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It is great to see that more people living with disabilities are finding companions in service dogs to help make everyday tasks easier. For that reason, we may be seeing more service dogs out and about with their human companions. So what kind of measures should one take when they encounter a service dog? Keep reading to find out!

Give The Service Dog And Their Companion Space

It might not always be clear if the service dog is working. The law does not require service dogs to wear a vest so make sure you always ask for permission to pet any dog you encounter. While service dogs are working, people around them should give the service dog and their handler space. One may think it’s hard to resist, but one should not pet a service dog. Service dogs are very well trained but they need to stay alert while on duty. Petting them can be a distraction. You may ask to pet a service dog, but since the service dog is working you may get turned down. Not to worry though, service dogs get plenty of love from their human companion.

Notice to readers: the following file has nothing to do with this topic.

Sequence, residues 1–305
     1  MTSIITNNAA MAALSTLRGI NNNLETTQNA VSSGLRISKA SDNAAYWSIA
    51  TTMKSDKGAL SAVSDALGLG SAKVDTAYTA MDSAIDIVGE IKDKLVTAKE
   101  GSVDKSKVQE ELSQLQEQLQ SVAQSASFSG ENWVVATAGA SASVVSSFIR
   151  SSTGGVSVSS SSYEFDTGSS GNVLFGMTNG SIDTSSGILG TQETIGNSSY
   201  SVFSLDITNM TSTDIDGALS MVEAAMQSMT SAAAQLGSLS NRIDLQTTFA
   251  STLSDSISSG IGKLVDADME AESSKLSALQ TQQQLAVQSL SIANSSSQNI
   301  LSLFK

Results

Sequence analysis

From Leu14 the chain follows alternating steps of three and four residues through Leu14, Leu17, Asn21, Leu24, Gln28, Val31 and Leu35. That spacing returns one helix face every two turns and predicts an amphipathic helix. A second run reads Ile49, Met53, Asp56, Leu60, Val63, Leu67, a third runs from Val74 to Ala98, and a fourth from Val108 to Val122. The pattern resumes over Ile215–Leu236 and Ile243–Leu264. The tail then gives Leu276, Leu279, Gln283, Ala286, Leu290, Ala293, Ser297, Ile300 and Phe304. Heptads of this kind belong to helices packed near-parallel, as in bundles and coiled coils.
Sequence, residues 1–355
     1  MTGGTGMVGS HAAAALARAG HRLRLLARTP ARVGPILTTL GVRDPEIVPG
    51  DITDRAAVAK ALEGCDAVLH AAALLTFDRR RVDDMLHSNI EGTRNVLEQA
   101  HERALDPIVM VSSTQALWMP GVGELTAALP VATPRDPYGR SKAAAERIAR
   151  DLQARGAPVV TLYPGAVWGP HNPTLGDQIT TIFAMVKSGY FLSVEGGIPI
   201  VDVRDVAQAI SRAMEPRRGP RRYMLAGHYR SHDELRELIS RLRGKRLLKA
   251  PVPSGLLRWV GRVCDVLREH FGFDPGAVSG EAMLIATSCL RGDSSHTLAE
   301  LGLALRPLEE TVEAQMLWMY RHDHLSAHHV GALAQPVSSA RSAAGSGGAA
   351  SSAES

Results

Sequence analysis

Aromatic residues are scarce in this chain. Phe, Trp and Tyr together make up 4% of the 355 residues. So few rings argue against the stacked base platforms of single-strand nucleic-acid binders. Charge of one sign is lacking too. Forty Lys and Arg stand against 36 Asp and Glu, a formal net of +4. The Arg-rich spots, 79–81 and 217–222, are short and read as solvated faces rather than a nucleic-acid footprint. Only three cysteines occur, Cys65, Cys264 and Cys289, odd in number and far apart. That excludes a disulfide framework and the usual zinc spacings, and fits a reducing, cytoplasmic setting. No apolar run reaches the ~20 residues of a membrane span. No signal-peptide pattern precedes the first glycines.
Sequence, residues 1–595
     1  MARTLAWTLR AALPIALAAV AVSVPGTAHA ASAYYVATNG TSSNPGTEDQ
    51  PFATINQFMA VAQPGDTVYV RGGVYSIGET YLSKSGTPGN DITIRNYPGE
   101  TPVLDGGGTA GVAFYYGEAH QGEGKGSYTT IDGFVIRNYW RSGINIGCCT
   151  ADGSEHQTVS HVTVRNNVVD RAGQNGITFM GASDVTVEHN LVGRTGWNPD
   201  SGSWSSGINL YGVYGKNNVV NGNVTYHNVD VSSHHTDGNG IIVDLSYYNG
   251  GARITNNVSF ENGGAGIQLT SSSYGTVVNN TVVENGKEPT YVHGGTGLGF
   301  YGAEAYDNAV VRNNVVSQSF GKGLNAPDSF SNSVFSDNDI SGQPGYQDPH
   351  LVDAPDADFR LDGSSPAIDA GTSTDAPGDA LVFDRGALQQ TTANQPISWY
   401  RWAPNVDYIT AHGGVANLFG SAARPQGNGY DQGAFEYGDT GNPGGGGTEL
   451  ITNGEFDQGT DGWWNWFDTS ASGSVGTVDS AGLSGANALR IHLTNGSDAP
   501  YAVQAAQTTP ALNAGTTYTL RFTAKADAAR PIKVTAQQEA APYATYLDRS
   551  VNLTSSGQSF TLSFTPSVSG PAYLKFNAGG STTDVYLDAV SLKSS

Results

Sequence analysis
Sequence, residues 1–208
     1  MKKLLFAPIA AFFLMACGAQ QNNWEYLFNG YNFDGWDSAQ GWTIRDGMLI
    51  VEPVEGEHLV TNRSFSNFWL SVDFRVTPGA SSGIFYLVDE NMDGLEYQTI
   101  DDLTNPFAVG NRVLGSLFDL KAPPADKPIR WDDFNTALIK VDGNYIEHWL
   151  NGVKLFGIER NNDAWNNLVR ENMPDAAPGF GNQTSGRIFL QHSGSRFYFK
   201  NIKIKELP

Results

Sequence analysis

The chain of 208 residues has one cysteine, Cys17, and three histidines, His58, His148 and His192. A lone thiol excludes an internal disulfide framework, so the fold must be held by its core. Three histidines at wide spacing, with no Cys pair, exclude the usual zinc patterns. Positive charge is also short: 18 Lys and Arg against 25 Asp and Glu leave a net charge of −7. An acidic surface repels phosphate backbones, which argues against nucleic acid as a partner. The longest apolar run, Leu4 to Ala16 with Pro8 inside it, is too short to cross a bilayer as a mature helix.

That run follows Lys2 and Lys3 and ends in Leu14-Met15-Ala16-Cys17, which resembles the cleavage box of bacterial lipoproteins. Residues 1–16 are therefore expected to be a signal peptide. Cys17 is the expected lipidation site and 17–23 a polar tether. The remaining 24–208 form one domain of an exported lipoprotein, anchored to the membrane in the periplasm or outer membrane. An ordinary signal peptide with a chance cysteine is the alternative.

Always Acknowledge the Handler

If and when you see a service dog and their companion, make sure that you acknowledge the handler first. Speaking to a service dog is a distraction from their work. It’s also important not to ignore the handler when he asks you to step away, or gives a similar request. They know their service dog the best and know how they are when they work.

Keep Your Dog A Safe Distance Away

Dogs are social creatures, and it may be tempting to want to introduce your dog to a service animal, but it will be best to keep your dog a safe distance away from the service dog. One may know their dog is well-behaved but meeting a new dog is uncharted territory and owners must be extremely careful. Just like people are distractions to service dogs, dogs are also distractions to the working service dog. 

Give the Service Dog & Their Handler the Right of Way 

In situations where one sees a service dog and their handler walking, it is best to give them the right of way. Doing this will ensure that the dog and their handler navigate more easily. One must also be attentive to how closely they are walking to the service dog and their handler. Overall, just make sure that you give them space as the service dog and their handler are walking. 

We hope these tips will help you on your next outing if you see a service dog and their handler. Stay safe and remember to give service dogs and their handlers space!

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New Life K9s places service dogs with veterans and first responders with PTSD at no cost to the veterans and first responders.


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